Many presuppose the intention of linking an overdose course to the current, mandated courses is to reach the minds of more students, which would not necessarily be such a good thing. When I brought this up with Desprez, she explained to me the class is not required for everybody. “When you have as low a rate as you do at U of M, one of the things that you don’t want to do is require everybody to [take the course] because then it normalizes something that’s not normal. But you also want to be really strategic and make sure people know about how you reduce harm.” That’s why prescription pill misuse will be a small part of the original required course, and then exist in full as its own, optional online resource.

Desprez is familiar with the debate about whether or not we should educate non-users on the risks. In response, she says we are not opioid-free; just because the numbers aren’t there now doesn’t mean they never will be. “We’re not inoculated in any way. It can come, (the numbers) can increase.” Education also piques the curiosity of U-M Medicine, Public Health and Public Policy students and can inspire them to work on research that will aid in the crisis.

My conversation with Desprez emphasized that normalizing the problem can also make people feel less alone. Educating our campus will prevent users from feeling like they’re in the small minority of opioid users and could pull them away from the inclination to stay quiet about addiction, encouraging them to ask for help. Desprez pointed out how in comparison, people can normalize an alcohol issue much more easily than they can a heroin issue, attributing this to the fact that opioid use is still quite stigmatized. Along with this stigma is the fact that this use is often illegal. The undoing of this crisis requires programs that cost money, which trickles down to states from the national government, but the government made heroin illegal in the first place.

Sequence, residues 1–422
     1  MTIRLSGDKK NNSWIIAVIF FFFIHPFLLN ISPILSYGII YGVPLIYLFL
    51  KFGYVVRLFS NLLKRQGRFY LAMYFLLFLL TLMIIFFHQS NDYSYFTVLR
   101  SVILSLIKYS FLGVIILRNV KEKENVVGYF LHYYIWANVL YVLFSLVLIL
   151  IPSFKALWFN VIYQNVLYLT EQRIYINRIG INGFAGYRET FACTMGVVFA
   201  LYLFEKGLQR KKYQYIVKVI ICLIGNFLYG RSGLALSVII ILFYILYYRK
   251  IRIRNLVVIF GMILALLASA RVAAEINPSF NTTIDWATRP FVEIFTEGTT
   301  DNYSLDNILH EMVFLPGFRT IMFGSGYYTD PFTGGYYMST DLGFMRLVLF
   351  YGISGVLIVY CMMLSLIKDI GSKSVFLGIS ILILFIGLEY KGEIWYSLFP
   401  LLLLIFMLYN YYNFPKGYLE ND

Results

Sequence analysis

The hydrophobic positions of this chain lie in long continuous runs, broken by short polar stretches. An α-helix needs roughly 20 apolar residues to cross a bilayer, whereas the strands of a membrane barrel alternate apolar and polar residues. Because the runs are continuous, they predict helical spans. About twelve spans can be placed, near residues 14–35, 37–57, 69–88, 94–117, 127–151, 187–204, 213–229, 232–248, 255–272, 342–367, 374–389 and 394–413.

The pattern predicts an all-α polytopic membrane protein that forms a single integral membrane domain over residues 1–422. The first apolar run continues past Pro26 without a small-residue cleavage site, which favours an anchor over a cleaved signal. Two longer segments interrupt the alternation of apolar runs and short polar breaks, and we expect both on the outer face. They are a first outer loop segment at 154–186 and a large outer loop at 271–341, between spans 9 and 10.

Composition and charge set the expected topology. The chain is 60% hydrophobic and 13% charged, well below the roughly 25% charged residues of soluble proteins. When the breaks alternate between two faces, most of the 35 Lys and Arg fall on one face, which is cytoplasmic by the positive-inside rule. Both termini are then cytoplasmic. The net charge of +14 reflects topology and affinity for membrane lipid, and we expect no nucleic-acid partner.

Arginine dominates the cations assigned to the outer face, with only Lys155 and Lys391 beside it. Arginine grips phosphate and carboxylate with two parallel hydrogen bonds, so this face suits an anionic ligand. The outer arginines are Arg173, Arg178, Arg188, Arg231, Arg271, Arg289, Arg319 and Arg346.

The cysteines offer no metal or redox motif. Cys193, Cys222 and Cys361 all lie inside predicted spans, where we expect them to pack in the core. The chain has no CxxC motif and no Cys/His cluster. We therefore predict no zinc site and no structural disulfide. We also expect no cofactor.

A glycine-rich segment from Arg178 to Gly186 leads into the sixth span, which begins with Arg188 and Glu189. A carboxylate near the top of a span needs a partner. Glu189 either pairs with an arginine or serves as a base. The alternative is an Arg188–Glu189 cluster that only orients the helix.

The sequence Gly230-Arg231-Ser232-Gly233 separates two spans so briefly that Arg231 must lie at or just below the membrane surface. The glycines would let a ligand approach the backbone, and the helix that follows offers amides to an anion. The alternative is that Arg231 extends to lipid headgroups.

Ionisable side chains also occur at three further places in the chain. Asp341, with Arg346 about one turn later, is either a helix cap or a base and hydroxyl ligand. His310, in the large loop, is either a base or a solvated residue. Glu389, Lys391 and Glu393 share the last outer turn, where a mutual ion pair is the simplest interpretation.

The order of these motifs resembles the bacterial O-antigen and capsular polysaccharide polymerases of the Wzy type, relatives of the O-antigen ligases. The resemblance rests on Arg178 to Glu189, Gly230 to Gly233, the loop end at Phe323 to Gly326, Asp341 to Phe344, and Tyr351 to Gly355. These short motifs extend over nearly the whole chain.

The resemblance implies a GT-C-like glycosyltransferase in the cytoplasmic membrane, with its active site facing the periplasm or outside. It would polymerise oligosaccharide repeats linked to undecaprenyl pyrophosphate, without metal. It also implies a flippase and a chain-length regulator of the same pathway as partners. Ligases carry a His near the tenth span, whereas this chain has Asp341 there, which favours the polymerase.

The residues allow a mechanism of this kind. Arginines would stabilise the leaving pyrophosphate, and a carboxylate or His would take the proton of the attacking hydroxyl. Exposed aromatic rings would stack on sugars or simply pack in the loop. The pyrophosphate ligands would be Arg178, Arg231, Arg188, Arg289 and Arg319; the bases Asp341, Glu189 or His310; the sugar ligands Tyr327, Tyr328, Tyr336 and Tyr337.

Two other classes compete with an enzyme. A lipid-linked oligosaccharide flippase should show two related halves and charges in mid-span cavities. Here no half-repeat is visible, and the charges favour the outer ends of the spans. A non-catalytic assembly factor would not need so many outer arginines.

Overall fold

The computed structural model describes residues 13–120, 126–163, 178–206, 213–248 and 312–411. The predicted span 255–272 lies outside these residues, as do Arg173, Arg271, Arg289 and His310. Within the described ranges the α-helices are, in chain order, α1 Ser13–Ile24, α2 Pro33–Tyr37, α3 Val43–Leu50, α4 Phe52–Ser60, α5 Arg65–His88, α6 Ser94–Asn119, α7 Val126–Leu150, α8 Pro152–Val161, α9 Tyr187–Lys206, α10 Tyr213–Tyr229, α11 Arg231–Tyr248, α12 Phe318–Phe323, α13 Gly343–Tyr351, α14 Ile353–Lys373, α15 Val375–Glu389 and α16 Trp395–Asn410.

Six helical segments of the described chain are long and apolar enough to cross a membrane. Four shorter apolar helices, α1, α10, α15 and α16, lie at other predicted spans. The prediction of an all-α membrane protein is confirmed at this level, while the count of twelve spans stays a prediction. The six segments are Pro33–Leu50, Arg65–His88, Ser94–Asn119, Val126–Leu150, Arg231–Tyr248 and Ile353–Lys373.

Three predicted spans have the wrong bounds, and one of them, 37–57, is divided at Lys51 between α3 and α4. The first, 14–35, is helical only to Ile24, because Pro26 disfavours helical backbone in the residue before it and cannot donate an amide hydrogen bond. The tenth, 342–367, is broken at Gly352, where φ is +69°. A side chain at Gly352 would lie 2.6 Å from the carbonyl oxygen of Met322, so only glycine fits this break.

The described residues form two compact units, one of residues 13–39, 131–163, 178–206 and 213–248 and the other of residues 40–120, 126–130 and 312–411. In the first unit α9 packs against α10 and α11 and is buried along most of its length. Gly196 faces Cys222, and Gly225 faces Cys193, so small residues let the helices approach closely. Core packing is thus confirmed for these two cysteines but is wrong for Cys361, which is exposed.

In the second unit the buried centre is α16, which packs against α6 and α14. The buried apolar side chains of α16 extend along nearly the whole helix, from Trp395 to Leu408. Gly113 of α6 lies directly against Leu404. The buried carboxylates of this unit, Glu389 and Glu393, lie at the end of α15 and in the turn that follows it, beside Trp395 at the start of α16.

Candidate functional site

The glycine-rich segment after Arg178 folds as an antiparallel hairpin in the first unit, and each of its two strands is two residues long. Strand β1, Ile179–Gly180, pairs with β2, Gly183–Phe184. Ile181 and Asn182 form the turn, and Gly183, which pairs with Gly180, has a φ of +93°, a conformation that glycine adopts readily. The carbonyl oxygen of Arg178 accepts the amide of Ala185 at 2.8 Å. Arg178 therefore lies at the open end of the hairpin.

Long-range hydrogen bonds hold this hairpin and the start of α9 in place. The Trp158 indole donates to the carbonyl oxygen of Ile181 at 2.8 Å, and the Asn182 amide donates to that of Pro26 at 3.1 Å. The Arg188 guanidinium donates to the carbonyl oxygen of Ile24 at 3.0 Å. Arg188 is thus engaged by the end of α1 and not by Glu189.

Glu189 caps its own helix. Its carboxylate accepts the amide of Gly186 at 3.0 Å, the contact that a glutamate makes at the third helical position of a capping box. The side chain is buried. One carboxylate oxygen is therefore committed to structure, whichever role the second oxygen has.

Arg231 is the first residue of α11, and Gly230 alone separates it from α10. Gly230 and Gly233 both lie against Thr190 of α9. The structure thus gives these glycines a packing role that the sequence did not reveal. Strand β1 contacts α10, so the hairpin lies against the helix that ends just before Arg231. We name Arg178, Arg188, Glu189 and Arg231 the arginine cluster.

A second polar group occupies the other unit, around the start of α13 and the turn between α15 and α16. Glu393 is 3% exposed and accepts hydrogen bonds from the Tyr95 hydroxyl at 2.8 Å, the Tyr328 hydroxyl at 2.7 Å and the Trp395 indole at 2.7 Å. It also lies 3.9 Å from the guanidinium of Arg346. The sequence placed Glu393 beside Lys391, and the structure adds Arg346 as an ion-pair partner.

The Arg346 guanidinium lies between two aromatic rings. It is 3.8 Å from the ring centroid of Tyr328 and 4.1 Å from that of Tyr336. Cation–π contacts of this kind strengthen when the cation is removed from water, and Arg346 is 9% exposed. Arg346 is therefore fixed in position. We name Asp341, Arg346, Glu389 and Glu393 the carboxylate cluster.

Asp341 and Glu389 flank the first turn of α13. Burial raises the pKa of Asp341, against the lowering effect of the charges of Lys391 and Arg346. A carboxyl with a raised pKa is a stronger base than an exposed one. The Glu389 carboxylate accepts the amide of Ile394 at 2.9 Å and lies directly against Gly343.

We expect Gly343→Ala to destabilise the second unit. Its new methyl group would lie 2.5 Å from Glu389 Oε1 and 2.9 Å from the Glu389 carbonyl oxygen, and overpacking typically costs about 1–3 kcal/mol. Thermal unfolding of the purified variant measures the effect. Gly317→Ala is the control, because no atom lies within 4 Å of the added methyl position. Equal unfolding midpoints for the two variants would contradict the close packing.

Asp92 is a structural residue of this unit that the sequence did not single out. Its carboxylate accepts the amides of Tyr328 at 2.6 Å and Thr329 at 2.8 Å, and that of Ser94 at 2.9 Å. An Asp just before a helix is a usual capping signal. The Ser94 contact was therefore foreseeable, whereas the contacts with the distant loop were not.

The way I see it is the crisis is going to be a crisis until prescription pills become something that we’re comfortable talking about. Until it’s as addressed as alcohol and marijuana, until it becomes something about which one would not lie on a survey, until our friends and coworkers can be open about addiction, until universities offer a class on painkillers along with a class on sexual harassment and alcohol (Go Blue): nothing’s going to change.

Maybe the first step is to decriminalize, or just destigmatize. I feel a tinge of doubt when looking at the data on opioid use on our campus, since illicit drug use is complicated to measure. Fibbing (understandably so) on a survey about something illegal can lead to skewed results, deficient response programs and problematic outcomes. To me, opioids feel more pervasive than the data suggests; I know people around me are that doing them, casually watching as others get addicted, and passing along horror stories of a friend’s friend who overdosed.

In addition to preventing future harm, teaching the student population about opioid risks may grab the attention of those who are not answering surveys honestly or haven’t yet come to terms with their addiction. One may argue educational techniques like the Wolverine Wellness course may be propagating the behavior that our country condemns. But in the midst of a crisis that is swallowing our nation, educating can be normalizing to the point where addicts feel open to ask for help.